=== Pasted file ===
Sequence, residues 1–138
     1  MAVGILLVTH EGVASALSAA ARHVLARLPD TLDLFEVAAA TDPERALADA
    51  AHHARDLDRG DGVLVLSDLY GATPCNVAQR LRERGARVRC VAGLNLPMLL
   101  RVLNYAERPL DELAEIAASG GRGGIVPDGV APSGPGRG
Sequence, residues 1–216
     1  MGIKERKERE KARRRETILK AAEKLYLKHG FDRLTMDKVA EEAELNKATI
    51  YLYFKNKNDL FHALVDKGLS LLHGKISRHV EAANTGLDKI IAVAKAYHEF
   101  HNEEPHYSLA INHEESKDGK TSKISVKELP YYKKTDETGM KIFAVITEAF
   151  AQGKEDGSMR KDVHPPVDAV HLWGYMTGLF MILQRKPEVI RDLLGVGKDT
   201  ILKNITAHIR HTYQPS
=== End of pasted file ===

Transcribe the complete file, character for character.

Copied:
Sequence, residues 1–138
     1  MAVGILLVTH EGVASALSAA ARHVLARLPD TLDLFEVAAA TDPERALADA
    51  AHHARDLDRG DGVLVLSDLY GATPCNVAQR LRERGARVRC VAGLNLPMLL
   101  RVLNYAERPL DELAEIAASG GRGGIVPDGV APSGPGRG
Sequence, residues 1–216
     1  MGIKERKERE KARRRETILK AAEKLYLKHG FDRLTMDKVA EEAELNKATI
    51  YLYFKNKNDL FHALVDKGLS LLHGKISRHV EAANTGLDKI IAVAKAYHEF
   101  HNEEPHYSLA INHEESKDGK TSKISVKELP YYKKTDETGM KIFAVITEAF
   151  AQGKEDGSMR KDVHPPVDAV HLWGYMTGLF MILQRKPEVI RDLLGVGKDT
   201  ILKNITAHIR HTYQPS